Cultural Organization

In Diane P. Koenker’s The Proletarian Tourist and Nancy Reagin’s Comparing Apples and Oranges, both authors describe how inter-war governments attempted to utilize cultural organizations to help shape and influence public behavior. Koenker’s work addresses the Soviet aim to foster tourism in order to serve the good of the state while at the same time enhancing the individualism of every person who participates in this endeavor. Reagin described the German housewives efforts to shape both the purchasing behavior and technological modernization within the household by doing it in a manner that was socially and economically responsible for Germany’s well being.… Read the rest here

Changes in inter war society

In both Koenker’s article on Soviet tourism and Reagin’s article on German housewives we see a similarity in the attempts made by both governments to sway their citizenry to a specific ideology. In Russia the communist party decided to control all forms of tourism. They were determined to change the view of tourism from the “bourgeoise” experience of knowing “only one street in a new city, the street from the train station to the hotel.” To the Soviet of idea of a tourist on a bicycle who “could observe al parts of a city, from its outskirts to its bridges…” This proletarian shift dominated all aspects of Soviet tourism in the interwar period.… Read the rest here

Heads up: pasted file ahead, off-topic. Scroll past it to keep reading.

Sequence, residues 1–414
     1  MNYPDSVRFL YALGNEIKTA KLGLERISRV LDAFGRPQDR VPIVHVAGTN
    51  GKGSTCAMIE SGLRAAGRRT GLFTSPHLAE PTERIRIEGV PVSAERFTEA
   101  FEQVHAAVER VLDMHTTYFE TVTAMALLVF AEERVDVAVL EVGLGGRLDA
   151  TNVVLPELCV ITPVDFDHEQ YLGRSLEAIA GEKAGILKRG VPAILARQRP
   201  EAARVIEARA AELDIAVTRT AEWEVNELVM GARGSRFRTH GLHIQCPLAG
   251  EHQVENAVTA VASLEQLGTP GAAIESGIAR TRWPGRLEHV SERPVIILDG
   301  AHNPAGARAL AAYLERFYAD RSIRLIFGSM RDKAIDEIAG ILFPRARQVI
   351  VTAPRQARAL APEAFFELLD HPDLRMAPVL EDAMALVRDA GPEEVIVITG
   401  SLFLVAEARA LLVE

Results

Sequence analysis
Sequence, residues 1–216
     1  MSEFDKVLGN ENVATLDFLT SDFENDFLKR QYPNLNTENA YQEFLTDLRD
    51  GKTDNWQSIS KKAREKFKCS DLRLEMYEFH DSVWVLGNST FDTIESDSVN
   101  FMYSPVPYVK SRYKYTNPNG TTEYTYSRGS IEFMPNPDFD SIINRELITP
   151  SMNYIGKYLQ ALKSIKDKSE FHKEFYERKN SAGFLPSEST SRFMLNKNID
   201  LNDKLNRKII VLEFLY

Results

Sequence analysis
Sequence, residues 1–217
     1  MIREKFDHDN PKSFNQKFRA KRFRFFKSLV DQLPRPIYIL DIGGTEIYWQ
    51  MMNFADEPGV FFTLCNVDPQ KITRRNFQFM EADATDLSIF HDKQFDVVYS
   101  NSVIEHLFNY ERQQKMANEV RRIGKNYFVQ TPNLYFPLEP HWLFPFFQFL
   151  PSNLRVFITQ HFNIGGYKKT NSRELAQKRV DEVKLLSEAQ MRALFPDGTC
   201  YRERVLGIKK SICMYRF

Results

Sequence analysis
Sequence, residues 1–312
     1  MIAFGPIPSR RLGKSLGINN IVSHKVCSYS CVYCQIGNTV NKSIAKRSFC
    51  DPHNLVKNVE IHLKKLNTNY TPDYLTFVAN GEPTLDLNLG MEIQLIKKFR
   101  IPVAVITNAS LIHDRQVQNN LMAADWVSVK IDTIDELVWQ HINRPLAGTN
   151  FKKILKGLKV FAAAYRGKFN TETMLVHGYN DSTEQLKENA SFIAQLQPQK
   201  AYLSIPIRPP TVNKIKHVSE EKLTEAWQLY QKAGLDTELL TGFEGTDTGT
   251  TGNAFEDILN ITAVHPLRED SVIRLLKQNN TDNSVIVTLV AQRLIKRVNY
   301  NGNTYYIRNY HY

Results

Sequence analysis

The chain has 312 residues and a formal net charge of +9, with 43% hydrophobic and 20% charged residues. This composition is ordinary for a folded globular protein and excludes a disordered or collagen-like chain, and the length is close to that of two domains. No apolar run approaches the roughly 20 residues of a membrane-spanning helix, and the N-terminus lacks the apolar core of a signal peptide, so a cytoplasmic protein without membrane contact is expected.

The Impact of German and Soviet Organizations

In Koenker’s The Proliterian Tourist in the 1930s, and Reagin’s Comparing Apples and Oranges, both authors place emphasis on specific societal institutions.  Tourism in the Soviet Union became very politically focused during the inter-war period.  In Germany, the ideals of consumption were promoted by housewives.  Both articles provide basic insights into each organization and their various contributions to society.  It is clear that in both the Soviet Union and Germany, tourism and housewife organizations were utilized for the promotion of political and social ideologies.… Read the rest here

Influencing Culture

“The Proletarian Tourist in the 1930s: Between Mass Excursion and Mass Escape” by Diane P. Koenker and “Comparing Apples and Oranges: Housewives and the Politics of Consumption in Interwar Germany” by Nancy Reagin both focus on the politicization of different aspects of daily life and leisure. Koenker’s article illustrates the way in which the Soviet government propagated tourism as a means to turn this leisure activity into a political action and elevate the proletariat culturally. Similarly, Reagin’s article highlights how the various housewife organizations in Interwar Germany politicized daily activities, like grocery shopping, and changed how German culture was perceived and remembered.… Read the rest here